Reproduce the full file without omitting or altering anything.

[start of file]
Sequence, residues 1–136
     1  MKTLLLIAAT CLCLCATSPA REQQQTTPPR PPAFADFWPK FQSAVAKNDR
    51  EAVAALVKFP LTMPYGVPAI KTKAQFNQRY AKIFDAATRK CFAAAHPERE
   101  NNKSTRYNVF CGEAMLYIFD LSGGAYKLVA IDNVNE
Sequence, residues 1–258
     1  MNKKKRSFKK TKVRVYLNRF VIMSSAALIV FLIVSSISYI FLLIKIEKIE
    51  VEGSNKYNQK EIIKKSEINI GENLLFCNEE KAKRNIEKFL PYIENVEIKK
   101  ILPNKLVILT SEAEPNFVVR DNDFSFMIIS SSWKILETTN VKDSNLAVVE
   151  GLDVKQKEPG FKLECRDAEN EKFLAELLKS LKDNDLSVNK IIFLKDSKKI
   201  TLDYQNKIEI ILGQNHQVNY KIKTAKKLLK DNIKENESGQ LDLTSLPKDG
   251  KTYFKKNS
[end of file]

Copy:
Sequence, residues 1–136
     1  MKTLLLIAAT CLCLCATSPA REQQQTTPPR PPAFADFWPK FQSAVAKNDR
    51  EAVAALVKFP LTMPYGVPAI KTKAQFNQRY AKIFDAATRK CFAAAHPERE
   101  NNKSTRYNVF CGEAMLYIFD LSGGAYKLVA IDNVNE
Sequence, residues 1–258
     1  MNKKKRSFKK TKVRVYLNRF VIMSSAALIV FLIVSSISYI FLLIKIEKIE
    51  VEGSNKYNQK EIIKKSEINI GENLLFCNEE KAKRNIEKFL PYIENVEIKK
   101  ILPNKLVILT SEAEPNFVVR DNDFSFMIIS SSWKILETTN VKDSNLAVVE
   151  GLDVKQKEPG FKLECRDAEN EKFLAELLKS LKDNDLSVNK IIFLKDSKKI
   201  TLDYQNKIEI ILGQNHQVNY KIKTAKKLLK DNIKENESGQ LDLTSLPKDG
   251  KTYFKKNS